In 2018 Pablo Jarillo-Herrero of MIT and his colleagues demonstrated superconductivity in magic-angle bilayer graphene (see Physics Today, May 2018, page 15). A single layer of graphene is a two-dimensional sheet of carbon atoms and on its own is not superconducting. But two sheets (blue and black in the figure) vertically stacked at just the right angle θ —about 1.1°—with respect to each other have a superconducting transition around 1.7 K. The magic lies in the quasiperiodic structure, or moiré lattice, that forms at a larger length scale than the underlying graphene lattices, as seen in the figure. Provided the temperature is low enough, the resulting superconducting state can be summoned in and out of existence by changing the angle between the sheets of graphene or the charge carrier density with an applied voltage. Beyond that tunability, magic-angle graphene’s superconductivity is interesting because its relationship of temperature to carrier density resembles that of high-Tc cuprates.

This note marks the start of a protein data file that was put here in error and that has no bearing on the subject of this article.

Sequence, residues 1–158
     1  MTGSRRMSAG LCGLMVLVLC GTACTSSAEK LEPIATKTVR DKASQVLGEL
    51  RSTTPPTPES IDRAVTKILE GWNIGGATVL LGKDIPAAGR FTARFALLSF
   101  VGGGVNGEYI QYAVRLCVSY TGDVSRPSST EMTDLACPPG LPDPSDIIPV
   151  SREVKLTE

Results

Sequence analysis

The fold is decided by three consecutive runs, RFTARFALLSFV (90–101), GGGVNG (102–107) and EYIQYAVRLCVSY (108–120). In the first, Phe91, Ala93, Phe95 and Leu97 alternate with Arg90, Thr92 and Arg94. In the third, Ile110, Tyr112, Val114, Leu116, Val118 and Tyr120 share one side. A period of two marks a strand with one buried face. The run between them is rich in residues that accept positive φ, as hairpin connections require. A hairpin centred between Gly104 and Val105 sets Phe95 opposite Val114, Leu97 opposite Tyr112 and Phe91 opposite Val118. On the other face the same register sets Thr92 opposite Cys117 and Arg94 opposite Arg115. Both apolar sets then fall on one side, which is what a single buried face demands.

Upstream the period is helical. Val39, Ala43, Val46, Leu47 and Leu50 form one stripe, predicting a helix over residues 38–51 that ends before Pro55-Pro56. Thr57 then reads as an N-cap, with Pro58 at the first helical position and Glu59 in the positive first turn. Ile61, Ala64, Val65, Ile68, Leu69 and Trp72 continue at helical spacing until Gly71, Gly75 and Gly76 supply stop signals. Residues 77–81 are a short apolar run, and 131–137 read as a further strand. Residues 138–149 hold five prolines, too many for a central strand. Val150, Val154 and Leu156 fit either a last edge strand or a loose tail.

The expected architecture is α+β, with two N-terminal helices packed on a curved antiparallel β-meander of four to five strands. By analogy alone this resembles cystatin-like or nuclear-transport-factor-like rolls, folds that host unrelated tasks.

Now Dmitri Efetov of the Institute of Photonic Sciences in Barcelona, Spain, and his colleagues have replicated Jarillo-Herrero’s results and discovered even more states in magic-angle graphene. By preparing a high-quality device, Efetov’s team could measure the electronic phases more accurately and resolve previously hidden electronic states.

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